Varun Berry, managing director of Britannia Industries said a 3-4 per cent price increase across categories is on the cards.
"We will have to take a price increase. We have covered wheat quite well but at some stage this struggle is going to finish off. Yes there is going to be inflation as far as wheat is concerned, so we will have to plan price increases," said Berry. "It's probably going to be 3-4 per cent price increase starting Q4 across categories on an average.”
An ITC spokesperson said the atta market prices respond to the prevailing prices of wheat, which in turn is driven by the current wheat stock position in the country.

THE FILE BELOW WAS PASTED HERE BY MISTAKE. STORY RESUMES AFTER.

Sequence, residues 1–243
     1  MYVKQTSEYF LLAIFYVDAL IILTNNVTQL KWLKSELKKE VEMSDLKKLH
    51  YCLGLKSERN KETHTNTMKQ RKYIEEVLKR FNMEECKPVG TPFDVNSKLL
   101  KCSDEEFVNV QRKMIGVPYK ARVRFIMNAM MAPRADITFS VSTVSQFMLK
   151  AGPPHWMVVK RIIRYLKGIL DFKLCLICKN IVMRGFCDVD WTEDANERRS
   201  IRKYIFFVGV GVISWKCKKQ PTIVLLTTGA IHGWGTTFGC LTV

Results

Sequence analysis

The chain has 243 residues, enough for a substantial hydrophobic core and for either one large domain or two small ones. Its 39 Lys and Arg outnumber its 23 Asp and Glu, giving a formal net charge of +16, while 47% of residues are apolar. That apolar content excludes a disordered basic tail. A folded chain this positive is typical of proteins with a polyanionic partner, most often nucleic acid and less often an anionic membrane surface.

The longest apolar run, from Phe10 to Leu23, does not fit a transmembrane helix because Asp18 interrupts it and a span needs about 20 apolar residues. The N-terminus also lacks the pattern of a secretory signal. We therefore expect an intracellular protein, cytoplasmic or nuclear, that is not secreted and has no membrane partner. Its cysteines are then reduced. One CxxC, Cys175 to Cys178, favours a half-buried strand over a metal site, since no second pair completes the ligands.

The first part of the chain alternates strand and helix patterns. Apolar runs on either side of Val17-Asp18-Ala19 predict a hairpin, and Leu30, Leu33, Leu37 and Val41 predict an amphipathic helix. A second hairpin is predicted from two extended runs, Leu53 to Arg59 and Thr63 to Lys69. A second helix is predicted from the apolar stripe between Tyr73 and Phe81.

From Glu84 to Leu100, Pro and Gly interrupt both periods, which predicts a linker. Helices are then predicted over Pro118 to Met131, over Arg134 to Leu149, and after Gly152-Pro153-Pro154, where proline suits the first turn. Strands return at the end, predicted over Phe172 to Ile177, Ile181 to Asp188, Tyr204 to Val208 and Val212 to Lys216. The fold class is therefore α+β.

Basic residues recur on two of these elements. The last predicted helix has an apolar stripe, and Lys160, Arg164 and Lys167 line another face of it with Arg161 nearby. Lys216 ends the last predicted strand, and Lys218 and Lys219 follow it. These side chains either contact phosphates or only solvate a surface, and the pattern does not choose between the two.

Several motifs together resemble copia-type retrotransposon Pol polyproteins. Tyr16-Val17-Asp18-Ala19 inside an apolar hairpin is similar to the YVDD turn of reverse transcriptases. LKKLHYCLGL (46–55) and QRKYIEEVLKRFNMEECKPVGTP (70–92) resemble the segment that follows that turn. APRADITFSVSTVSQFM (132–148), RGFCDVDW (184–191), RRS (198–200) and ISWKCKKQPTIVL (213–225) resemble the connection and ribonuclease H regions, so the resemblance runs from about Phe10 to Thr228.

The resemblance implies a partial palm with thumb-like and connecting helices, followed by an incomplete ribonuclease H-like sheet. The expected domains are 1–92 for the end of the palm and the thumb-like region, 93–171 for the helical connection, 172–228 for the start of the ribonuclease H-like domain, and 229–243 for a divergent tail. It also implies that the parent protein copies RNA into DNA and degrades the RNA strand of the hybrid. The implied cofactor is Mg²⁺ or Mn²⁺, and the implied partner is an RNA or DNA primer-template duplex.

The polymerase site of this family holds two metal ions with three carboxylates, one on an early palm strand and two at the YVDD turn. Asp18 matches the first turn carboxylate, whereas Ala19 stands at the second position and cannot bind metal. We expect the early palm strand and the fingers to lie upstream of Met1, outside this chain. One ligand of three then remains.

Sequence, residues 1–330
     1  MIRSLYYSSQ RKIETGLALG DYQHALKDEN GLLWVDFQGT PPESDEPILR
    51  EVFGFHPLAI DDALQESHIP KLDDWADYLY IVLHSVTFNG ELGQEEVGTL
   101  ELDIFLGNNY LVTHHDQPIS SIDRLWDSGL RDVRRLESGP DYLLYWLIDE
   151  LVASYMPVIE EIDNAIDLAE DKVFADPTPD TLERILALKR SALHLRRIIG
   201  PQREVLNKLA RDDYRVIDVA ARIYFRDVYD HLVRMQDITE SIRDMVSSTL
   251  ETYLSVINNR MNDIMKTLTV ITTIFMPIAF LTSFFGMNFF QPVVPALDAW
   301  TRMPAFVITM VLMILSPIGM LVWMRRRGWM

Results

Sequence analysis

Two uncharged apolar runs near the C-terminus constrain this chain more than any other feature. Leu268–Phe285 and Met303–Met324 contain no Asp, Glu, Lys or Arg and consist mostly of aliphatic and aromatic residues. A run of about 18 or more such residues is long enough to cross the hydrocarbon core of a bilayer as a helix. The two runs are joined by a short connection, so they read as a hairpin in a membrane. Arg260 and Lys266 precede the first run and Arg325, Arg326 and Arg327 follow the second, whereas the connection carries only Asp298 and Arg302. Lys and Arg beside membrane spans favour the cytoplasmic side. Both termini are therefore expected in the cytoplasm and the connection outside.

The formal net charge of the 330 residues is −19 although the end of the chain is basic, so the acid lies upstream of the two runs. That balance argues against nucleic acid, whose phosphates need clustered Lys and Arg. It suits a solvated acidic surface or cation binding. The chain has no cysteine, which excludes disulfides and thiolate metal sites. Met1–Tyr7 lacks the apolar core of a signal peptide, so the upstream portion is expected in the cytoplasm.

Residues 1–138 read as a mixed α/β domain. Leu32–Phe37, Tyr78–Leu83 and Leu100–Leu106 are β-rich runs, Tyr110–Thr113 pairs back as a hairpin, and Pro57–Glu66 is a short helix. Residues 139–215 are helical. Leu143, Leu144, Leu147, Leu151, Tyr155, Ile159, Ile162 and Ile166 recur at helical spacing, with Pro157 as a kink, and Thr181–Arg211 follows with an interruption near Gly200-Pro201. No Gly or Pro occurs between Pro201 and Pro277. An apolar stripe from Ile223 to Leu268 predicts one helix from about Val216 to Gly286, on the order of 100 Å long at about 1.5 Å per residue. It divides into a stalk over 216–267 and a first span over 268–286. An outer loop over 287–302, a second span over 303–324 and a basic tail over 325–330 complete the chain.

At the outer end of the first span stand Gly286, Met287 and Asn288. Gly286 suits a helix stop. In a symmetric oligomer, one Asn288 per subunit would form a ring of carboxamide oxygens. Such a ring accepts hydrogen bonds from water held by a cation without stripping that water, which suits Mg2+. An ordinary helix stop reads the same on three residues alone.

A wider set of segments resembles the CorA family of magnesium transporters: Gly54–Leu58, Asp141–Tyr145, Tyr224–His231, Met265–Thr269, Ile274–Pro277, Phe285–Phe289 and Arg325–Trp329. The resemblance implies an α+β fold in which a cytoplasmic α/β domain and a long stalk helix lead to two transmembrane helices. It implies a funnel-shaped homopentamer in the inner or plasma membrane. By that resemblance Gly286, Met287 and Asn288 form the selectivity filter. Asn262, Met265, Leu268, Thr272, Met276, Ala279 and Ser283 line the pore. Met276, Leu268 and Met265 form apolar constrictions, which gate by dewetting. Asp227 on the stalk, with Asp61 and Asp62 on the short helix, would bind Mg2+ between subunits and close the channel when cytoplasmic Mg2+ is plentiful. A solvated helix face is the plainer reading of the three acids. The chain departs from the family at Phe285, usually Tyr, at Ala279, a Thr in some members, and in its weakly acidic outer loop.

".. The prices of Aashirvaad Atta and its variants accordingly get corrected in a calibrated manner over time," the spokesperson said.
In just a month, wheat prices in India went up by 6.3 per cent while international prices (Cbot) went up 13.4 per cent.
According to Hetal Gandhi, Director, Crisil Research, the burden starts pinching smaller players when the biggies think of passing on the prices.
"Many of the manufacturers, mostly SMEs, are resorting to buying excess wheat and flour to insulate themselves against the rising prices resulting in higher working capital needs. Unorganised players, consisting of small players like local bakeries and snack shops, are expected to be more affected with the sharp rise in wheat prices as they do not have a strong procurement chain and have limited ability to pass on the rise in input costs," Hetal said.